December 2002
Volume 43, Issue 13
ARVO Annual Meeting Abstract  |   December 2002
The Prevalence of Diabetic Retinopathy in the United States
Author Affiliations & Notes
  • JH Kempen
    The Wilmer Eye Institute Johns Hopkins University Baltimore MD
  • DS Friedman
    The Wilmer Eye Institute Johns Hopkins University Baltimore MD
  • NG Congdon
    The Wilmer Eye Institute Johns Hopkins University Baltimore MD
  • BJ O'ColmainEye Disease Prevalence Study Group
    ORC Macro International Calverton MD
  • Footnotes
    Commercial Relationships   J.H. Kempen, None; D.S. Friedman, None; N.G. Congdon, None; B.J. O'Colmain, None. Grant Identification: Support: NIH Grant EY00386
Investigative Ophthalmology & Visual Science December 2002, Vol.43, 4381. doi:
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      JH Kempen, DS Friedman, NG Congdon, BJ O'ColmainEye Disease Prevalence Study Group; The Prevalence of Diabetic Retinopathy in the United States . Invest. Ophthalmol. Vis. Sci. 2002;43(13):4381.

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      © ARVO (1962-2015); The Authors (2016-present)

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Abstract: : Purpose: To determine the United States (US) prevalences of diabetic retinopathy (DR) in adults with diabetes mellitus (DM) and in the adult general population. Methods: Counts of the numbers of adults with DM and with DR in strata of gender, race, and age were obtained from participating population-based studies that used fundus photography to assess diabetic retinopathy: the Barbados Eye Study, the Blue Mountains Eye Study, the Beaver Dam Eye Study, Proyecto VER, the San Antonio Heart Study, the Visual Impairment Project, and the Wisconsin Epidemiologic Study of Diabetic Retinopathy. Data from the San Luis Valley Diabetes Study, designed to ascertain all cases of DM in a defined geographical area, were also included. DR severity based on fundus photograph gradings using the Early Treatment of Diabetic Retinopathy Study interim or final scale was categorized based on each participant's worse eye as none (<14); «mild» (14-<40); "moderate" (40-<50); or "severe" (50+). Macular edema (ME) was defined as present or absent, by person. Advanced, vision-threatening DR ("VTDR") was defined as severe retinopathy, ME, or both in either eye. Stratum-specific prevalences for retinopathy categories among diabetics were calculated. The 1999 National Health Interview Survey (NHIS) was used to estimate the prevalence of self-reported DM and the size of the total population in each gender-race-age stratum. These values were combined with the stratum-specific prevalences of retinopathy among persons with DM and summed to generate estimates of the US prevalences of DR among adults with DM and in the adult general population. Results: Among the estimated 199.6 million US adults aged 18 years or more in 1999, an estimated 10.8 million (5.4%) had (self-reported) DM. The estimated 1999 prevalence of DR is summarized in the table below. Conclusion: Diabetic retinopathy is an important public health problem in the US. Over five million adults are affected. One of every 128 adults has advanced, vision-threatening disease. US Prevalence of Diabetic Retinopathy, 1999 (Worse Eye)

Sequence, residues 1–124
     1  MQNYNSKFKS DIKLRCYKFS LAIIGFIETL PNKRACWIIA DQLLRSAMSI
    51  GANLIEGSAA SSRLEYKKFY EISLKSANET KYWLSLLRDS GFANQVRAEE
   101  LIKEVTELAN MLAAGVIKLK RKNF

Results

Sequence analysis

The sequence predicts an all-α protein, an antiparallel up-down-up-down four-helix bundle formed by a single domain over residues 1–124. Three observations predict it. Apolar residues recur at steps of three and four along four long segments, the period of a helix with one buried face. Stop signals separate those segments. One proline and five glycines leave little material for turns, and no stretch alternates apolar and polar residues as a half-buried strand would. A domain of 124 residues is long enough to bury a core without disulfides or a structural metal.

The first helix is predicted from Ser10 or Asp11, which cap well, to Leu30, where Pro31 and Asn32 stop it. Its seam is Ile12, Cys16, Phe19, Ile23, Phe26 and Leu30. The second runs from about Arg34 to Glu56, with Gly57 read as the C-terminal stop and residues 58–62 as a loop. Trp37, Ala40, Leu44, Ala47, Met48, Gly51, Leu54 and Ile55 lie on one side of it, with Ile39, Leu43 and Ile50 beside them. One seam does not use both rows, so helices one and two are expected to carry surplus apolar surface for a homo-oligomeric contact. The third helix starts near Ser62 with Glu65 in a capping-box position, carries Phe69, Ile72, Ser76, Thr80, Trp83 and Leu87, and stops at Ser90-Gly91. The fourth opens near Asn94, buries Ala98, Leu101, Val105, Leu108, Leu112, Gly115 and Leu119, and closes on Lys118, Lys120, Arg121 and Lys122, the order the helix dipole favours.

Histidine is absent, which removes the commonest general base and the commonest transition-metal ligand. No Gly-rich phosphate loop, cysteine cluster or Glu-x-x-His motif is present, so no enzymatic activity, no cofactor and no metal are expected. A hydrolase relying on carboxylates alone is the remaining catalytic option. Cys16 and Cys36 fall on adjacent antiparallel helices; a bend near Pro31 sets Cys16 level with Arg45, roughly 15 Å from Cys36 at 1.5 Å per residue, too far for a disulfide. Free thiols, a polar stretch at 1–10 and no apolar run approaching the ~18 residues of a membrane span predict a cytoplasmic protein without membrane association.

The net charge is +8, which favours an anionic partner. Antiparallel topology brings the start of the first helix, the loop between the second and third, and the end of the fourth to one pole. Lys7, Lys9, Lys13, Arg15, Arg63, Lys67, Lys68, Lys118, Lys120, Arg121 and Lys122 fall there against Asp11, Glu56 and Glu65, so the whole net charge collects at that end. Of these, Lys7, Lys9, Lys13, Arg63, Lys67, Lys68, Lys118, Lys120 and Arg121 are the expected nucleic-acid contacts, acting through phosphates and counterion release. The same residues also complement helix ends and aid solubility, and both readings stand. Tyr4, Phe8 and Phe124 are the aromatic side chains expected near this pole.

Keywords: 388 diabetic retinopathy • 354 clinical (human) or epidemiologic studies: prevalence/incidence • 387 diabetes 

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